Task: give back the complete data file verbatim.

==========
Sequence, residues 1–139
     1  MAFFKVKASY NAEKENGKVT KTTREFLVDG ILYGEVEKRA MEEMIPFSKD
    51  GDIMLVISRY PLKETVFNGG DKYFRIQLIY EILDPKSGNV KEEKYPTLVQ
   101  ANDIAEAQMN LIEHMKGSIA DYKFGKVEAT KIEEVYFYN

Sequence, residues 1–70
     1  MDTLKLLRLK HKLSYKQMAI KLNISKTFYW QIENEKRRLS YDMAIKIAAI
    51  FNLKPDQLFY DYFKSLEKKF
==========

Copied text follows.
Sequence, residues 1–139
     1  MAFFKVKASY NAEKENGKVT KTTREFLVDG ILYGEVEKRA MEEMIPFSKD
    51  GDIMLVISRY PLKETVFNGG DKYFRIQLIY EILDPKSGNV KEEKYPTLVQ
   101  ANDIAEAQMN LIEHMKGSIA DYKFGKVEAT KIEEVYFYN

Sequence, residues 1–70
     1  MDTLKLLRLK HKLSYKQMAI KLNISKTFYW QIENEKRRLS YDMAIKIAAI
    51  FNLKPDQLFY DYFKSLEKKF